Dominic Bradbury, Journalist & Writer
 
AD RUSSIA – ‘SEBASTIAN MARISCAL’

WORDS – DOMINIC BRADBURY
PHOTOGRAPHS – RICHARD POWERS

Wonderful things can come out of collaboration. The unique design of the Wabi House, near San Diego, was the result of a close and creative collaboration between architect Sebastian Marical and his Japanese born clients. Initially, the clients had been looking at remodeling an existing 1970s home on their suburban site but eventually decided on a new build project that would deliver a tailored, bespoke and more sustainable home.

'The clients were very important in the whole design process,' says Mariscal, a Mexican born designer now based in Califiornia. 'They were very organized and gave us a lot of feedback. We met many times to talk about their goals and dreams for the house and they put together a document listing the things that they liked and disliked.

'They didn't want a "macmansion" or a showy big house. They wanted the opposite – something discreet and introspective. This was one of their main priorities and for me this kind of feedback was great, because it's the kind of discussion that I'm looking for from a really good client.'

The resulting new but natural home is an enticing and welcoming fusion of architectural ideas, with a strong Japanese influence and the integration of some traditional aspects of Japanese living, yet reinterpreted in a very contemporary way.

From the outside, the house is enigmatic and very different from any of its more familiar suburban neighbours. The low slung building has been purposefully tucked into the site in a discreet way to enhance privacy on the one hand but also to create a process of discovery on the other. 'Seeing the neighbourhood with all these very similar houses, I wanted to created something new that was different but not at all shocking to the community,' says Mariscal.

The house is entered through a doorway in a borderland fence of charred cedar wood and beyond this a pathway leads to a small bridge over a water pool and then to the formal entrance to the house. Moving into the home itself, the entryway has been modelled on the idea of the traditional Japanese 'genkan' – a calming hallway with built in cabinet work - where outdoor shoes can be removed and stored and indoor slippers chosen.

'I wanted to understand how the clients wanted to live in the house and it became clear that they wanted a peaceful and serene atmosphere,' Mariscal says. 'The water pools help with that enormously and – together with the genkan – become a filter between the interior and the outside world. The water pools make you feel that the house is almost floating. It's a modern interpretation of an old idea, but it reminds you of the hotels, vacation homes and guest houses where the building seems to emerge from the water.'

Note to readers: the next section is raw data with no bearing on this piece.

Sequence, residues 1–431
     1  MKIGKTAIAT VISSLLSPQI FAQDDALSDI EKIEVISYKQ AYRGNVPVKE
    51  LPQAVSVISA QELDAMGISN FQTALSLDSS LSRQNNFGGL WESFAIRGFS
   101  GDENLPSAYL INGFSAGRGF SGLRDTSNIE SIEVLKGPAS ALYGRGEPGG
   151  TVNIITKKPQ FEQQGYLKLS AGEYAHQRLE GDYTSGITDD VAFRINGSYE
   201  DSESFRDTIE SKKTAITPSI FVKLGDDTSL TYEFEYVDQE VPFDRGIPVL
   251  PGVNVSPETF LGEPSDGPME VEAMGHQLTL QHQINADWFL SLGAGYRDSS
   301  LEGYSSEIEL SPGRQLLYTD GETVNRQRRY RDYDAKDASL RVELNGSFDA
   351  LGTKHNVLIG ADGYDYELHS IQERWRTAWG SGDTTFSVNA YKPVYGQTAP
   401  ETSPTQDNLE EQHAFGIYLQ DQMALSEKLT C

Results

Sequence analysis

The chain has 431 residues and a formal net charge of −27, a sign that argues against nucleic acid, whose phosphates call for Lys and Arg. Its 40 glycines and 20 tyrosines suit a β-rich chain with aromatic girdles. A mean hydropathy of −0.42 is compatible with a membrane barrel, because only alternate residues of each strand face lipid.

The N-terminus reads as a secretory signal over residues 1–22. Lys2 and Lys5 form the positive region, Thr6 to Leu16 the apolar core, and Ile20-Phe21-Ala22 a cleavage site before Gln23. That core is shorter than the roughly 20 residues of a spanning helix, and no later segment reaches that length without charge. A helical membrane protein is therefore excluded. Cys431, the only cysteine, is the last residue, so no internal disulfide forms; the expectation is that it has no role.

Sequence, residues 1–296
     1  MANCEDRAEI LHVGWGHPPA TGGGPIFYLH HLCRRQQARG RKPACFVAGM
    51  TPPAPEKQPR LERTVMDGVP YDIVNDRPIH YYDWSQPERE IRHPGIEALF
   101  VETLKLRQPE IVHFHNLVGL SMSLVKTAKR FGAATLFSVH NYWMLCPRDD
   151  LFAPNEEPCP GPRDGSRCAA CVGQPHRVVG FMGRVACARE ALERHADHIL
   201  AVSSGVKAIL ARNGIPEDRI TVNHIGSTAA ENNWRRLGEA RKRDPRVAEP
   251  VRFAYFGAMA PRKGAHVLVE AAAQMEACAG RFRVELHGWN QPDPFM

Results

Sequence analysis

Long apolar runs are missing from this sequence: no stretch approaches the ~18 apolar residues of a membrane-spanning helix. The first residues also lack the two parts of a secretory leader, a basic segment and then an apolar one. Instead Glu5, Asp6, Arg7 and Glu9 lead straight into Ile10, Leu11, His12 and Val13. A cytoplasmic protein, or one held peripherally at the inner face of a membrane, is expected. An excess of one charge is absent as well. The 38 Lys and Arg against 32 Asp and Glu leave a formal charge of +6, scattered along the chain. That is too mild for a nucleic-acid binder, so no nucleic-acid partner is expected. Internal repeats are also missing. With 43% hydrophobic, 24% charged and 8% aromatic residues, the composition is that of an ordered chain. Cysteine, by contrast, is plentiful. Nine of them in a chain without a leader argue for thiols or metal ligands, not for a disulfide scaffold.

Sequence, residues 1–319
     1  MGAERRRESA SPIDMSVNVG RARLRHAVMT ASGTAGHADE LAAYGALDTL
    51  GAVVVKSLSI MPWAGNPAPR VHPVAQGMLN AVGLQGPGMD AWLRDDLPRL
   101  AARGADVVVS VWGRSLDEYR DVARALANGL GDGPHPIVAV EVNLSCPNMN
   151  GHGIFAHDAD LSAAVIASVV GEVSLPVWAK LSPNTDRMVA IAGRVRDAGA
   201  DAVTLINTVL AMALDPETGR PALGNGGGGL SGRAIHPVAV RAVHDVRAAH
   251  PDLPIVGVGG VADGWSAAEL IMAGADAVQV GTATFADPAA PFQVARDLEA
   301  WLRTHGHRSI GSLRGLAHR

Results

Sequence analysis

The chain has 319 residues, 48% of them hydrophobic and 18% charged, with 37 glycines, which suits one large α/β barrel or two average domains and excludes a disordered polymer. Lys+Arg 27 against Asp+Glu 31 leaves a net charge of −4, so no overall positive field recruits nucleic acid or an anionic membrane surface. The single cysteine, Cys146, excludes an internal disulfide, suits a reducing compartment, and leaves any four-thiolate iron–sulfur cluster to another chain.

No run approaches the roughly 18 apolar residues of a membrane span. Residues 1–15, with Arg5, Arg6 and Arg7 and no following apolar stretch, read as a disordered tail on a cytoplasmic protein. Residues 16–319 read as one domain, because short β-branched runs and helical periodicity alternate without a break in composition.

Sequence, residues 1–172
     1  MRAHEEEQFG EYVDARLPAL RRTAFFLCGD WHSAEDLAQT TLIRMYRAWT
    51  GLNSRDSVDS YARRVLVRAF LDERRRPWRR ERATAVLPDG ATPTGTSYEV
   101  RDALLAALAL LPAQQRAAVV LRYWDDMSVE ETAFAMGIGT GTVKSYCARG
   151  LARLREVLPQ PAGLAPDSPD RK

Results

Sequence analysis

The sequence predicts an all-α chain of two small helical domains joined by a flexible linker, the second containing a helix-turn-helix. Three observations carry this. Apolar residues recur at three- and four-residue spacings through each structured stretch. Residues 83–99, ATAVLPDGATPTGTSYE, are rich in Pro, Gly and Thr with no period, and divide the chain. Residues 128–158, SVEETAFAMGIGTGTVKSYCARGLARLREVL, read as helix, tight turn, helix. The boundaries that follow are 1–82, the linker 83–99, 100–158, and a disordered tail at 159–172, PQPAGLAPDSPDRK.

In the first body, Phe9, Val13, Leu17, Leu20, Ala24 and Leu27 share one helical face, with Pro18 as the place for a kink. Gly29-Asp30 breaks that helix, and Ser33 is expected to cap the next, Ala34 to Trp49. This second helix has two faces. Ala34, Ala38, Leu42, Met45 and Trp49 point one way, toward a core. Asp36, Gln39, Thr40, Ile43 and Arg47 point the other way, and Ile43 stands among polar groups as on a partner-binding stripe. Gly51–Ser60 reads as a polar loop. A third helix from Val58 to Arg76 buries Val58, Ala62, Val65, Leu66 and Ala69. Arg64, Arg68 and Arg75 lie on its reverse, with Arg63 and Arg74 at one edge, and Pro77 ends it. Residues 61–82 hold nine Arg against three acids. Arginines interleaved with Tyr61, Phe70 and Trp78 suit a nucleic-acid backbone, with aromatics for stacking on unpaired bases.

Within the house itself a key element of the design is the emphasis upon flexibility. The ground floor is dominated by a large open plan living area and kitchen, with banks of retractable glazing leading out to a specially landscaped gravel garden and rear outdoor space. Sliding screens allow a guest bedroom and a study to be read as part of this overall central space, or to be easily separated off and transformed into more private and intimate zones.

'The clients wanted a big open space and a study and a guest room,' Mariscal says. 'I asked them how many times a guest might come and stay with them and they said perhaps two or three times a year. So I suggested an open guest space with a futon integrated with the kitchen and main living areas, but with some sliding doors so that when they do have a guest then the room can be enclosed and with its own bathroom, which functions as a powder room on a daily basis. Like this, the space can be seen and used all the time rather than being a room that is shut off from the rest of the house much of the time.'

The master bedroom is situated on a modest upper level, which leads out to a planted roof garden. Here, as on the ground floor, living spaces gently connect with outdoor zones and natural elements, such as the planting and water pools, forming a close sense of communion with the environment and the changing seasons, even in this very suburban area. The water pools and cross ventilation also help to naturally cool the house in the hotter months of the year, doing away with any need for air conditioning units.

Mysterious and beautiful, the Wabi House is a building that gradually unfolds and reveals itself, becoming more fascinating with every turn.

'It's really a series of surprises,' Mariscal says. 'When you are outside in the street, you have no idea what's behind the line of small trees and the timber wall. As you enter and pass over the bridge across the water pools you still have no idea what's ahead. It's the same as you pass through the gengkan or when you go upstairs. It's a process of discovery.'

Sebastian Mariscal Studio – www.sebastianmariscal.com - 001 619 702 3100

 
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